Integrating wetlands biodiversity conservation into river basin management

Small, piecemeal losses of wetlands and other aquatic habitats accumulate to significant levels of environmental damage in many areas. One way to better protect these valuable resources is to integrate wetlands and similar habitats into geographic-based planning programmes, including the watershed approach and other planning programmes that address coastal resources, habitat, floodplains and river corridors, and management of water resources and public lands.

Planning processes should include an inventory of wetlands and other aquatic sites that remove pollutants, reduce flood damages and/or supply food and shelter for fish and wildlife. Environmental, economic, and quality-of-life values of these areas should be assessed, their location and areal extent determined, historic losses estimated, adverse consequences of past losses evaluated, and priorities for conservation and restoration ranked.

Wetlands are areas where the flow of water, the cycling of nutrients, and the energy of the sun produce specially adapted communities of plants and animals. Many plants and animals depend upon wetlands, which are essential for maintaining biodiversity. Wetland species are the base of commercial and recreational enterprises that provide jobs and income important to many communities. Commercial fish and shellfish are dependent on coastal bays and their wetlands. Trees that grow in forested swamps are harvested for timber, and ducks and geese in all flyways use wetlands for feeding, nesting, and resting during migration.
The [Amur Programme] of the Socio-Ecological Union (SEU) of Russia was founded in 1991 to demonstrate that the Amur River basin could be developed in a way that benefits people, economy and wildlife. This vision included establishment of network of core protected areas, development of environmentally sound and sustainable economic activities, public participation in land use planning for the region, support of conservation organizations and targeted education programmes. The Programme has initiated a number of projects on biological diversity conservation, established a series of new protected territories, designated a series of Ramsar sites, and generally promoted environmental education, sustainable development, international cooperation in migratory bird protection, and stimulated the local NGO movement.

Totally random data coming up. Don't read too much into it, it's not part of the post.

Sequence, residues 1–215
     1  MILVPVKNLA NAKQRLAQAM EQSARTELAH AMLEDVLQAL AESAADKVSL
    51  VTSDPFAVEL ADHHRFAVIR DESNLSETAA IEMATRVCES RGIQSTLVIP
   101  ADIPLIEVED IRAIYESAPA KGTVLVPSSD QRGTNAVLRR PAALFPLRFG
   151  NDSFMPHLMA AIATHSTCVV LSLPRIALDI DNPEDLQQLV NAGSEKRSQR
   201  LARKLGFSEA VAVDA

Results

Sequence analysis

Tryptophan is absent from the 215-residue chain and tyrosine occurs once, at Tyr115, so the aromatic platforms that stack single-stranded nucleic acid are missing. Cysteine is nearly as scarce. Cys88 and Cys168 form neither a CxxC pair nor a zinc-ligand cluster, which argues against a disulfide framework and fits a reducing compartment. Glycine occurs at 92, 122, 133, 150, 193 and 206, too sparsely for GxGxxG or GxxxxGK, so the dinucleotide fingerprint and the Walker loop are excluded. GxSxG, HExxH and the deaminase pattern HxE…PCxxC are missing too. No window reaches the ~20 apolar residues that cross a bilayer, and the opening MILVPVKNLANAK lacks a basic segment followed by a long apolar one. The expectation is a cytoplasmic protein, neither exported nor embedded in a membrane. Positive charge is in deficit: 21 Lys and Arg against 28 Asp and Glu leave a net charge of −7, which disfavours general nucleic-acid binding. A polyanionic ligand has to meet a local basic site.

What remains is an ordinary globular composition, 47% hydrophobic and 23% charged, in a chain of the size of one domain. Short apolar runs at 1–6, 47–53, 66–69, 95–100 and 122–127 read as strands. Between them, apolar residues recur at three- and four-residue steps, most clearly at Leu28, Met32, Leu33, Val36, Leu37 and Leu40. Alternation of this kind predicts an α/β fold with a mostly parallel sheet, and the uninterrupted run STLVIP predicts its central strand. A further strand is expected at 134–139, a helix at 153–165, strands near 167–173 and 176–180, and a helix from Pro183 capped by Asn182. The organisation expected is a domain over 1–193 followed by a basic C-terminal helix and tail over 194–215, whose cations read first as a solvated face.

The biodiversity and natural heritage values of the Danube basin have become significantly degraded through pollution, canalization, dam construction, the draining of wetlands and the loss of natural dynamics. In the early 1980s the governments of the Danube region recognized some of these problems. In 1985 the [Bucharest Declaration on Water Management of the Danube] was signed in which the countries agreed to protect the Danube and its tributaries from pollution, and in 1991 the [Environment Programme for the Danube River Basin] was agreed. The [Green Danube Programme] was developed by WWF in 1992 as a further contribution to resolving the environmental problems in the Danube basin. Since 1992, the [Danube Delta Biodiversity Project] has been launched and nine countries have agreed the [Convention on Cooperation for the Protection and Sustainable Use of the Danube River]. The Programme's objectives are: (1) to halt the increasing destruction of the Danube and to ensure the protection of the most valuable remaining floodplain areas; (2) to conserve the basin's biodiversity; (3) to reduce water pollution; (4) to secure the safe supply of drinking water for 20 million people; and (5) to ensure the protection and sustainable management of the ancient floodplain forests. The Programme is composed of five major projects which are intended to serve as examples of restoration of wetland habitat, namely the Isar estuary, the central Danube multilateral park, the Gemenc-Beda protected areas, the Bulgarian islands and the Danube Delta. The projects are carried out in cooperation with governments, WWF national and regional offices and local partner organizations.

Rivers and lakes
Land and coastal forms
Land type/use
Type Classification:
G: Very Specific strategies